publishing indemnification

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Latest post Wed, Aug 27 2014 9:55 AM by salmi. 6 replies.
  • Mon, Aug 25 2014 3:59 PM

    • salmi
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    publishing indemnification

    is a publishing house liable for legal actions agianst its imprints (subsidiaries)? 

  • Mon, Aug 25 2014 4:34 PM In reply to

    Re: publishing indemnification

    You haven't provided nearly enough information to address the question.  In particular, what sort of legal actions?

    That said, the general rule is that a parent corporation is not liable for the obligations of its subsidiaries absent a showing that the two entities are alter egos.

  • Mon, Aug 25 2014 4:49 PM In reply to

    • salmi
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    Re: publishing indemnification

    sorry. and thank you, much!

    let's say the imprint publishes a book and gets sued for defamation. if the imprint loses the action, and is unable to pay the award ordered by the court, does the parent publishing house have to pay the bill?

  • Mon, Aug 25 2014 8:30 PM In reply to

    Re: publishing indemnification

    salmi:
    let's say the imprint publishes a book and gets sued for defamation. if the imprint loses the action, and is unable to pay the award ordered by the court, does the parent publishing house have to pay the bill?

    That depends on how the "imprint" is organized in relationship to the publisher, the details of how the imprint was operated, and the state law that applies. However, let me answer the question with an example. Suppose Big Publishing Company, Inc., (BPC) is organized as a corporation and it owns a subsidiary corporation, Dark Secret Books, Inc., (DSB). DSB is in the business of publishing biographies of celebrities. One of the subjects of a biography, Peter Famous, sues DSB for defamation and wins. Generally speaking, Peter would have to look only to DSB to collect his judgment. BPC is not liable for the judgment simply because it is a shareholder in DSB. That's benefit of operating in corporate form. But there are circumstances in which BPC might be liable. If Peter can show that BPC and DSB failed to sufficiently respect the separate identities of the two corporations then the Peter might succeed in pursuing BPC under a theory of piercing the corporate veil, nominee, or alter-ego. What exactly he'd need to prove to do that depends on the applicable state law.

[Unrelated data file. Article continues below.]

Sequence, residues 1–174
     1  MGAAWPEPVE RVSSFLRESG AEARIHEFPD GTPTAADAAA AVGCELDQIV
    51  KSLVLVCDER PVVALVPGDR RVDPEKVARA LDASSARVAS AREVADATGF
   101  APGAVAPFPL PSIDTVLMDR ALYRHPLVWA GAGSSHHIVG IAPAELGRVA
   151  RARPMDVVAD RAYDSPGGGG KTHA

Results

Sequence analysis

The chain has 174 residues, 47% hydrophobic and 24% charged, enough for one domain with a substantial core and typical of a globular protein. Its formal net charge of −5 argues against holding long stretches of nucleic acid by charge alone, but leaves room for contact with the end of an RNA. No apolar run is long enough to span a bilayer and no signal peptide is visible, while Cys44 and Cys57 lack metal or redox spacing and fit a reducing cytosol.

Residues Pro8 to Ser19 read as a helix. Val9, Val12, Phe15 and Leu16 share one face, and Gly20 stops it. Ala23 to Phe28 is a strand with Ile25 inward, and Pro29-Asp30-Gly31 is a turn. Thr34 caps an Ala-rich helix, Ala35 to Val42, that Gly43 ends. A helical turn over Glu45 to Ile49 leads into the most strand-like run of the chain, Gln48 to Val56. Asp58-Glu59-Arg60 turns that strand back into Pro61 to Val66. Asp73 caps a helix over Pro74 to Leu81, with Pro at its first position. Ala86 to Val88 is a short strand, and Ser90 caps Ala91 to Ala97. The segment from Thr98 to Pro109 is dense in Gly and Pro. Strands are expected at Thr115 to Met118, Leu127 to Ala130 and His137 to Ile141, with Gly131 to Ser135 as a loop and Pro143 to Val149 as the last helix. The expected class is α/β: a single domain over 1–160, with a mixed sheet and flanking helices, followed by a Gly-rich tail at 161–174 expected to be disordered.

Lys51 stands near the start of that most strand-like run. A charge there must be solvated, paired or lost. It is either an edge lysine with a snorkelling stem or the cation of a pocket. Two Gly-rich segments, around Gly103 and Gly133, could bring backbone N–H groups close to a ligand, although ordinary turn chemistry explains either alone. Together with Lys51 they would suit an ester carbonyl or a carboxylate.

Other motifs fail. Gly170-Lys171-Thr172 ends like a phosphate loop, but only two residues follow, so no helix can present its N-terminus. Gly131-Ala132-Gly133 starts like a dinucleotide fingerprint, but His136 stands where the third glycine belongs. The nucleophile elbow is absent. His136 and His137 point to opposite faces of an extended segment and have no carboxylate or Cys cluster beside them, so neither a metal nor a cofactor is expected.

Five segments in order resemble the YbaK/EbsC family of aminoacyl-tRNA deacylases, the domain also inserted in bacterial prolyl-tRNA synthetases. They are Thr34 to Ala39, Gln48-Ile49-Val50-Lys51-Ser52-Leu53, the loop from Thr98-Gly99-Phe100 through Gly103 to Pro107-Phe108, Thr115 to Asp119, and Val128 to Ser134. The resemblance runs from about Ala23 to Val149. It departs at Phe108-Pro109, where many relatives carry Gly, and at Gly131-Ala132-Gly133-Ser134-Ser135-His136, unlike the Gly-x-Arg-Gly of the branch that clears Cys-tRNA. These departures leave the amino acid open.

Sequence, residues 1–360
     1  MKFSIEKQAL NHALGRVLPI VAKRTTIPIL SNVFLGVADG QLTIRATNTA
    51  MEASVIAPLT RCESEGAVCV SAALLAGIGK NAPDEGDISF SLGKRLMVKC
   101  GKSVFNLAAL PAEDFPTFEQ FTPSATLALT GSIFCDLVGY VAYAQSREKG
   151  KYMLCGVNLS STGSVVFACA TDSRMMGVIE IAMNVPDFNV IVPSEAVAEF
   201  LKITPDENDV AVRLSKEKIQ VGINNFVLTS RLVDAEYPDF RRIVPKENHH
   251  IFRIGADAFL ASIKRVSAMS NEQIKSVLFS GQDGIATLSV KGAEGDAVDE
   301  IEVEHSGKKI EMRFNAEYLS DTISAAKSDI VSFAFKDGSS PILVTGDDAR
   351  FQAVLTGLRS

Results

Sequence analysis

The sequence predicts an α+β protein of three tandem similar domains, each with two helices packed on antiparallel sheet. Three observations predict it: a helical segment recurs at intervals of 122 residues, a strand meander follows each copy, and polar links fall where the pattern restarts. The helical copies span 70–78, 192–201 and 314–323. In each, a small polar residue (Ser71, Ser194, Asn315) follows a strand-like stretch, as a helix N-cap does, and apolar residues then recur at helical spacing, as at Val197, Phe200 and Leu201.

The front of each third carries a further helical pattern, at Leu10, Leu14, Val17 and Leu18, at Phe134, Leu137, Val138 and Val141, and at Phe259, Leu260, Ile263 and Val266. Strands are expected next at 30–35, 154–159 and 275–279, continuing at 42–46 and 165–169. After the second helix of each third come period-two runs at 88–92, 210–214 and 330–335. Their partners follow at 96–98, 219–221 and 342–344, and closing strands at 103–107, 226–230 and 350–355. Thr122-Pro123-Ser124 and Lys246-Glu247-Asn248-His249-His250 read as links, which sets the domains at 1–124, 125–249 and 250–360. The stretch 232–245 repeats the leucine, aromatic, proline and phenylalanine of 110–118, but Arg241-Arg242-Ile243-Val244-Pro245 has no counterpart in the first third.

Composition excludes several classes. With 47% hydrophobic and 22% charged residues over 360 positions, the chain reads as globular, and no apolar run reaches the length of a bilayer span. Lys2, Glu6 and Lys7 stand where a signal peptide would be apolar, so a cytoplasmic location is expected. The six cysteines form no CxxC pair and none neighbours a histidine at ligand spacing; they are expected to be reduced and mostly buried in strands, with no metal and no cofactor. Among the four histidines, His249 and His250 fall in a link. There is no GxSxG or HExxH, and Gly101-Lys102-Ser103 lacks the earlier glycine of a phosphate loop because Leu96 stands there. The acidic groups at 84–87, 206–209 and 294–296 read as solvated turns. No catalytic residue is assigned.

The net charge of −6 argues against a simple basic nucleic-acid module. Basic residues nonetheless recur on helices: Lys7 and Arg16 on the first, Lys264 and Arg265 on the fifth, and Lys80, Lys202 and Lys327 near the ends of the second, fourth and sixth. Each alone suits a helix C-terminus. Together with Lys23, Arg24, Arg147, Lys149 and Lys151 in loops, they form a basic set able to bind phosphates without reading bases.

• Mon, Aug 25 2014 8:41 PM In reply to

    • salmi
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    Re: publishing indemnification

    great! again, mucho mucho for the info

    do you happen to know the title of the statute that covers this in califormia?

    please and thank you thank you!

  • Wed, Aug 27 2014 9:24 AM In reply to

    Re: publishing indemnification

    This is not a matter of statutory law.

  • Wed, Aug 27 2014 9:55 AM In reply to

    • salmi
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    Re: publishing indemnification

    OKAY. THX.

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